Bottom line:  the recent trend toward economic improvement seems to have stalled in the last four weeks.  I have no idea if this is a pause that refreshes or it marks the end of the economic effects of the post-election boost in sentiment.  Time will tell us. 

More importantly for the long term, the Donald’s drive for deregulation and improved bureaucratic efficiency is a decided plus; and as a result, I inched up my estimate of the long term secular growth rate of the economy.  In addition, a more reasoned approach to trade appears to be emerging which would remove a potential negative. 

On the other hand, the turmoil over the healthcare bill is a good illustration that the Donald’s fiscal program has a rocky road ahead of it, however great it may sound on paper.  I continue to believe that something positive will come from changes in fiscal policy; and they will likely be enough to further alter our long term secular economic growth rate assumption in our Models.  However, I also believe that they will take longer and have less impact than seems to be Street consensus at this time.

This week’s data:

(1)                                  housing: weekly mortgage and purchase applications were up,

(2)                                  consumer: March retail sales and sales ex autos were below consensus; month to date retail chain store sales growth improved from the prior week; weekly jobless claims were better than anticipated; revised March consumer sentiment improved more than forecast,

(3)                                  industry: the March small business optimism index was slightly below expectations,

(4)                                  macroeconomic: March import prices were in line while export prices were higher than projections; March PPI and PPI, ex food and energy were weaker than estimates; March CPI and CPI, ex food and energy were below consensus..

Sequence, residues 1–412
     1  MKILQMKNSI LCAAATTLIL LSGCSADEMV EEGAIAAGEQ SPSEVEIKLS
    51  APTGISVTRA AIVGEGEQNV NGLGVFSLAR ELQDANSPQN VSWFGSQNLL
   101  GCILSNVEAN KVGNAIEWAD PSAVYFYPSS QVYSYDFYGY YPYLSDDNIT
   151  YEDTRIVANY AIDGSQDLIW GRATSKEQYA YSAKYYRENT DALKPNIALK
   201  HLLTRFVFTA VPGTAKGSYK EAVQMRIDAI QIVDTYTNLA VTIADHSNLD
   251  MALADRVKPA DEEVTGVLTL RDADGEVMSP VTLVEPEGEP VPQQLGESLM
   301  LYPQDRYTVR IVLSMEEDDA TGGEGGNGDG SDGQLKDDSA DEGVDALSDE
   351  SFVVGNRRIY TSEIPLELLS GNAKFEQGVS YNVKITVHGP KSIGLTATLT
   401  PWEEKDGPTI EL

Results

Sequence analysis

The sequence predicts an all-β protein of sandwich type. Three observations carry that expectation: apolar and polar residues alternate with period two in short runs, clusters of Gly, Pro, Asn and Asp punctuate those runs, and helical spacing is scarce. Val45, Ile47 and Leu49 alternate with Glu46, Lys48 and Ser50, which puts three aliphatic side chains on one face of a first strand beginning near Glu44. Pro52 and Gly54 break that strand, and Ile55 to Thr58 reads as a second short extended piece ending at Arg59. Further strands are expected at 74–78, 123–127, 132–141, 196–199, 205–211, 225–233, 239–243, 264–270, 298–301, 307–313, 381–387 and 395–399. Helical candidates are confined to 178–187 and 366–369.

The Market-Disciplined Investing

The indices (DJIA 20453, S&P 2328) continued to sink on Thursday, probably helped by the fact that after such an event filled week, traders wanted to reduce their risk over a long weekend.   Both again ended below the upper boundaries of their very short term downtrends. Volume declined; breadth deteriorated further.  The VIX (15.9) rose 1 ½ %, ending above the lower boundary of its very short term uptrend, above its 100 day moving average (now support), above its 200 day moving average for a fourth day (reverting to support) and in a short term trading range.  Complacency appears to have left the room.

The Dow closed [a] above its 100 day moving average, now support, [b] above its 200 day moving average, now support, [c] in a short term uptrend {19350-21635}, [c] in an intermediate term uptrend {11936-24785} and [d] in a long term uptrend {5751-23390}.

The S&P finished [a] above its 100 day moving average, now support, [b] above its 200 day moving average, now support, [c] within a short term uptrend {2263-2596}, [d] in an intermediate uptrend {2089-2693} and [e] in a long term uptrend {905-2591}.

The long Treasury rose on volume, remaining above its 100 day moving average (now support), below its 200 day moving average (now resistance), in a very short term downtrend and in a short term trading range.

GLD was up, closing above its 100 day moving average (now support), above its 200 day moving average (now resistance; if it stays there through the close on Monday, it will revert to support) and right on the upper boundary of its short term downtrend. 

The dollar increased, ending above its 100 day moving average (now support), below its 200 day moving averages (now resistance), below the upper boundary of its very short term downtrend and in a short term uptrend.

Bottom line: stocks moved steadily lower for a second day; although as I noted above, at least part of this decline was probably because traders wanted to reduce their risk in front of a long weekend.  Nevertheless, the Averages remain in a fairly tight three week trading range which has been characterized by intraday volatility that didn’t follow through to the close---reflecting, I think, a standoff between the bulls and bears.  Right now the weight of evidence (moving averages and major trends) is that it gets resolved in favor of the bulls.